Source: TEU data from American Association of Port Authorities. Transshipment data adapted from Drewry Shipping Consultants and port authorities.
- Proximity to shipping lanes. Transshipment activities tend to converge in proximity to main long distance shipping lanes to avoid undue detours (deviations). The Panama Canal essentially acts as a funnel for shipping lanes between the Atlantic and the Pacific oceans. It is thus not surprising that ports on both sides of the canal (Balboa and Colon) have a dominant transshipment function as stopping to enter the Panama Canal offer the opportunity to drop or pick up cargo. Kingston, Jamaica has a central location, in proximity of the Gulf of Mexico, the East coast and transatlantic routes. On the Pacific Coast, both Manzanillo (Mexico) and Callao (Peru) offer transshipment opportunities for the transpacific and South American shipping routes.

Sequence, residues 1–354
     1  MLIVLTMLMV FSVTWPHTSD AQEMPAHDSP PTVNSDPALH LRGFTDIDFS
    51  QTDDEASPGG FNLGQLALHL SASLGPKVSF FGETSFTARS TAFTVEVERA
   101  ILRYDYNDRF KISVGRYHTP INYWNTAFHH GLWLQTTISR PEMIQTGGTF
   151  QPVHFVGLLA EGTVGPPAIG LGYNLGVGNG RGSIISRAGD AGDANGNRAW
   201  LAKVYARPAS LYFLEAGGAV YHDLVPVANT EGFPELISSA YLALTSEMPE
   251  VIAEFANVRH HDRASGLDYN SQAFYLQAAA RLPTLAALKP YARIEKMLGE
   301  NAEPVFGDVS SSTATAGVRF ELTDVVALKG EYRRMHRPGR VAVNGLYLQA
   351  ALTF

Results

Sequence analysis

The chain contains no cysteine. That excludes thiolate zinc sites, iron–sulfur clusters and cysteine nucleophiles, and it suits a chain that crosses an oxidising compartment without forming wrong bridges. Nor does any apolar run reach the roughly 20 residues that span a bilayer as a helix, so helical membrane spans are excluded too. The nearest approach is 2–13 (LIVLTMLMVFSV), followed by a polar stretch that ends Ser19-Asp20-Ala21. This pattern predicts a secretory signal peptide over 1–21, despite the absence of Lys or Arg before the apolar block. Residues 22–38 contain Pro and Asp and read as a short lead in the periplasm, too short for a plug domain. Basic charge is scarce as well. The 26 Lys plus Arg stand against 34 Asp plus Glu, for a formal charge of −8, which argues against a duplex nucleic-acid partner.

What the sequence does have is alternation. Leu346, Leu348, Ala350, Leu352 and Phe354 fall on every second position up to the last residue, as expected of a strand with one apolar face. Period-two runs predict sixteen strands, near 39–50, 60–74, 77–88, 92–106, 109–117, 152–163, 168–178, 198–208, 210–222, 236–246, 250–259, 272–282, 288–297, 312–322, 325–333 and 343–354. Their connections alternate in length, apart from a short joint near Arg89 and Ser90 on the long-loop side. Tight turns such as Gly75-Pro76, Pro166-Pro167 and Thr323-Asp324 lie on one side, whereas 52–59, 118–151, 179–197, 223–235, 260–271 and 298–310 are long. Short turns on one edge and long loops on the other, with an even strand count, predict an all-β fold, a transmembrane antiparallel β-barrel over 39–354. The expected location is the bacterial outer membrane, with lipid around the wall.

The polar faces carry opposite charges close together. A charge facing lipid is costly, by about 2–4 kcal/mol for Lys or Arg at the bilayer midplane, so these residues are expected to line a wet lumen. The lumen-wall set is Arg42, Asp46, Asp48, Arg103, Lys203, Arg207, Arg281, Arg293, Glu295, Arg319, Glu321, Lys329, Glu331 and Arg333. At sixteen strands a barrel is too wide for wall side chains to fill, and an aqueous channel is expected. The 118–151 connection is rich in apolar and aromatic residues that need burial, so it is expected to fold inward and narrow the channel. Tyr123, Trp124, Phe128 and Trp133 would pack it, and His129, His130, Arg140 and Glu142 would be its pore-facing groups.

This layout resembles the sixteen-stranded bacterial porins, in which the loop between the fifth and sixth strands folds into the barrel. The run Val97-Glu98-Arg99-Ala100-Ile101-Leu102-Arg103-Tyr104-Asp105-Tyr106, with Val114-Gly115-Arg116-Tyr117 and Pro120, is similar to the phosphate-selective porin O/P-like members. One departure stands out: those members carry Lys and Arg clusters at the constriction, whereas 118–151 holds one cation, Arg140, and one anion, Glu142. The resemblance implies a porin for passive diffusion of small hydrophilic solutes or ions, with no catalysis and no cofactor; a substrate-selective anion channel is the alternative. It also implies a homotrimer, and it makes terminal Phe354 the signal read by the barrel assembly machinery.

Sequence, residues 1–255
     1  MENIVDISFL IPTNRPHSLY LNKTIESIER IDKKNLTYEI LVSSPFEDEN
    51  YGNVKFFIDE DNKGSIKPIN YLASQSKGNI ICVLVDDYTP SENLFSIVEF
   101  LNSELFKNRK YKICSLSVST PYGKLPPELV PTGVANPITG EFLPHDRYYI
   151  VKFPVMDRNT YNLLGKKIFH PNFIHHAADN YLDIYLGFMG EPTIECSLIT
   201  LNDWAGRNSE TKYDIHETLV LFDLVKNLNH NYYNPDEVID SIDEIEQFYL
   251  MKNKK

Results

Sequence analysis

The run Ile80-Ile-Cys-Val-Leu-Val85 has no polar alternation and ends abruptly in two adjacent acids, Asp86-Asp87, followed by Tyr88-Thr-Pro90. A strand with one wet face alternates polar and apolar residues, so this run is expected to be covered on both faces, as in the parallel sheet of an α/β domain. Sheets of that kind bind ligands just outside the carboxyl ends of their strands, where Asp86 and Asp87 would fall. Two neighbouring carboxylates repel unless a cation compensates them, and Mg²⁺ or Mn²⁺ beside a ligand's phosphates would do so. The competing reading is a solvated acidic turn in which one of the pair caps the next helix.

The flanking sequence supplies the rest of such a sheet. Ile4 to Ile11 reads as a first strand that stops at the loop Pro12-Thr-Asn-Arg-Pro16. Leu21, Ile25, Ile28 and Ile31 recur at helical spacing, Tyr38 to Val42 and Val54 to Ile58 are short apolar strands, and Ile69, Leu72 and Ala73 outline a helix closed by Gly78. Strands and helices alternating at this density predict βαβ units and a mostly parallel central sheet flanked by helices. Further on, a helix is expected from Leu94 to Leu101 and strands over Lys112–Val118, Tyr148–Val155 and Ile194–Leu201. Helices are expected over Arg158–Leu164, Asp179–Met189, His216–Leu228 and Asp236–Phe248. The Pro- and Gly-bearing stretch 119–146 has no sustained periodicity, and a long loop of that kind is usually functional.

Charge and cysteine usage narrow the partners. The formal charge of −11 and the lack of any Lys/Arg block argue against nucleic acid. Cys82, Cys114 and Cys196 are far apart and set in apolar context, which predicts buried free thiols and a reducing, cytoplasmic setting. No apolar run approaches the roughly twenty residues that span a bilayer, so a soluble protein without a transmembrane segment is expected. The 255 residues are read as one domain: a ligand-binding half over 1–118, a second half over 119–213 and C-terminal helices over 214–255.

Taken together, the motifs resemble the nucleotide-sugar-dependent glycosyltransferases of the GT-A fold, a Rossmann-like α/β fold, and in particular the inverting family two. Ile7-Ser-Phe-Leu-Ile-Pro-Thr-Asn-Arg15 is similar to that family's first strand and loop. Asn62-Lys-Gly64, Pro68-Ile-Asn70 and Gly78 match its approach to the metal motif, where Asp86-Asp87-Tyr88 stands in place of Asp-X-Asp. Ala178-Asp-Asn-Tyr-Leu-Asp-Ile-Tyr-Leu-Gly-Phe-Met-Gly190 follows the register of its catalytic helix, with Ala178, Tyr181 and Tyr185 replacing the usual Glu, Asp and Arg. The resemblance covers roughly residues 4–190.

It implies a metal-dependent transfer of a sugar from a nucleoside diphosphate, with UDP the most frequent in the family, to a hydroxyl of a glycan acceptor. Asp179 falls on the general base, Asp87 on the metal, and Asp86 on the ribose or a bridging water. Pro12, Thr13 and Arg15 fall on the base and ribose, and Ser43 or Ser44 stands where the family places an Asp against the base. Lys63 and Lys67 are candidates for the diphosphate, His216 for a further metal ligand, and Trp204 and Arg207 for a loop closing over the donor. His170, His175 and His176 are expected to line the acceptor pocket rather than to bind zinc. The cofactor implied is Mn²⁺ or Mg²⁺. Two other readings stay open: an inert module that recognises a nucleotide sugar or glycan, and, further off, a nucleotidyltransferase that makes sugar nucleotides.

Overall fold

- Costs and land availability. An important factor in transshipment remains terminal costs and efficiency, with ports located in developing countries having lower labor costs. Miami would be a logical location for transshipment, but due to higher costs and cabotage restrictions (Jones Act) nearby Freeport (Bahamas) assume that role. Several global terminal operators such as DPW (Puerto Caucedo) and HPH (Freeport, Cristobal and Balboa) have invested in terminal developments in part because several Caribbean port sites have room for expansion with the site selected with higher depth in mind to accommodate the new generations of containerships. One of the prerequisites of a port location, the quality of hinterland access, thus plays a much less important role.